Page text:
The United States is no longer among the world's top 10 nations in terms of economic freedom, according to a newly published index.
The world's largest economy slipped two notches into the 12th position in the 2014 Index of Economic Freedom by think tank Heritage Foundation and the Wall Street Journal, released Tuesday, registering its seventh consecutive decline.
The index evaluates countries in four broad areas: rule of law; regulatory efficiency; limited government; and open markets.
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"The overall economic policy direction of the United States in recent years has involved substantial growth in the size and scope of government, accelerating the erosion of economic freedom and contributing directly to America's fall from the top 10 freest economies," a report accompanying the index said.
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"The absence of meaningful fiscal reform has weakened the government's balance sheet and led to the explosive growth of government debt. The increasing cronyism that has accompanied the growth of government has undermined the rule of law, further eroding America's economic freedom," it added.
In addition, costly regulations in areas like finance, health care and the environment have curtailed economic freedom in the country, which is at its second lowest level in the 20-year history of the Index.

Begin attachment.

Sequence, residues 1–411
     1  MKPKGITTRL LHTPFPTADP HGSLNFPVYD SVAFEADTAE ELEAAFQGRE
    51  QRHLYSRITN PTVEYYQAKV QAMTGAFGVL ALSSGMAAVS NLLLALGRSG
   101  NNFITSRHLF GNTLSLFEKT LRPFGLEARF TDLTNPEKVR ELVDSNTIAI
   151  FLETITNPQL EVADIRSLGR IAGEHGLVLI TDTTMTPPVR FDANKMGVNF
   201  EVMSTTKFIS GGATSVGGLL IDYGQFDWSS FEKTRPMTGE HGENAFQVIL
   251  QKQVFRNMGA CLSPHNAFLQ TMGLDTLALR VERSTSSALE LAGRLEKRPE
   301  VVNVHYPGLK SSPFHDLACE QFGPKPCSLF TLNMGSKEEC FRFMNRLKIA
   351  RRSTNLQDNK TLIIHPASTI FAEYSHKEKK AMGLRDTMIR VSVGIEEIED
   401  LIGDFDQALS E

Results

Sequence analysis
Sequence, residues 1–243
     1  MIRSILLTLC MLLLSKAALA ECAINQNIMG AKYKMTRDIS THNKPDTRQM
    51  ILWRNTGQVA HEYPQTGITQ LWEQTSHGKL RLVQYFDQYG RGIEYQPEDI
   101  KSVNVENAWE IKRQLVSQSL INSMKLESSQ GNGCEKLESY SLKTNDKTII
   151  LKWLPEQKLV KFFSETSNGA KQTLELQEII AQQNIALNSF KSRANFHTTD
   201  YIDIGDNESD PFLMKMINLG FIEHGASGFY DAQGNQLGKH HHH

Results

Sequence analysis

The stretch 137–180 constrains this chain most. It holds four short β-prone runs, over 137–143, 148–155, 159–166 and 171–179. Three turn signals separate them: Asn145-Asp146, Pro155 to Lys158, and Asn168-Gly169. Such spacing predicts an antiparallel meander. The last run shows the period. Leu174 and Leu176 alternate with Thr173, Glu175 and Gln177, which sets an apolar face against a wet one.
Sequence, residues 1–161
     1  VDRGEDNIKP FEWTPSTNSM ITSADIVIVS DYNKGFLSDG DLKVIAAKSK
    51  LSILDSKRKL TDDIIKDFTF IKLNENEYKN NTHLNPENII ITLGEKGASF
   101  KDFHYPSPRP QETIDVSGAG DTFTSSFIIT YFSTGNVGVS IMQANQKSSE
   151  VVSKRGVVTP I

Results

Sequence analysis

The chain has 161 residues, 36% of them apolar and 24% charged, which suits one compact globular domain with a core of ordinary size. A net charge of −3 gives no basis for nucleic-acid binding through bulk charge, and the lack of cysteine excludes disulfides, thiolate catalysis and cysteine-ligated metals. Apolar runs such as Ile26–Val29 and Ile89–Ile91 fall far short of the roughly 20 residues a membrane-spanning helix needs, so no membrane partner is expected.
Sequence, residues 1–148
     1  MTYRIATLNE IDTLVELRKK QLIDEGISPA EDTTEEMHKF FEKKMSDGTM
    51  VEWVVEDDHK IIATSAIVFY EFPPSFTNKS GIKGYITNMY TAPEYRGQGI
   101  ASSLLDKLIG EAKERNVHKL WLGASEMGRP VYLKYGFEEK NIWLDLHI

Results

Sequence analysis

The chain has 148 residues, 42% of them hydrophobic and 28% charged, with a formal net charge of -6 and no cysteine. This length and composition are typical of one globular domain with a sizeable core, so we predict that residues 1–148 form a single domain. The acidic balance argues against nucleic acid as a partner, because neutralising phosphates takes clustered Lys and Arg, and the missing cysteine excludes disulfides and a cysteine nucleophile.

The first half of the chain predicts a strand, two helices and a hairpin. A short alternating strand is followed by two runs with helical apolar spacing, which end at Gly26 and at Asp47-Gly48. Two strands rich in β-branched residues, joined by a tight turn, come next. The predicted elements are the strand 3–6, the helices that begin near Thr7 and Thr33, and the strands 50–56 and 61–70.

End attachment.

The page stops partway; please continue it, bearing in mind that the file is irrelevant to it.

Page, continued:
"These have injected uncertainty into business decision-making that has slowed job creation and hiring and hurt economic recovery and growth," the report said.
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The world's freest economy is…
While the U.S.'s economic freedom is deteriorating, the global trend is more positive, with much of the momentum lost during the past five years being regained.
The world average score of 60.3 is seven-tenths of a point above the 2013 average, and the highest average in the two-decade history of the Index.
Asian financial capital Hong Kong maintained its title as the world's freest economy for the twentieth consecutive year.
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"Creation of a new company, the level of taxation, the ability of the lowest quintile to rise up, is better in Hong Kong than anywhere else," Ed Feulner, founder and chairman of the Asian Studies Center, The Heritage Foundation told CNBC Asia's Squawk Box.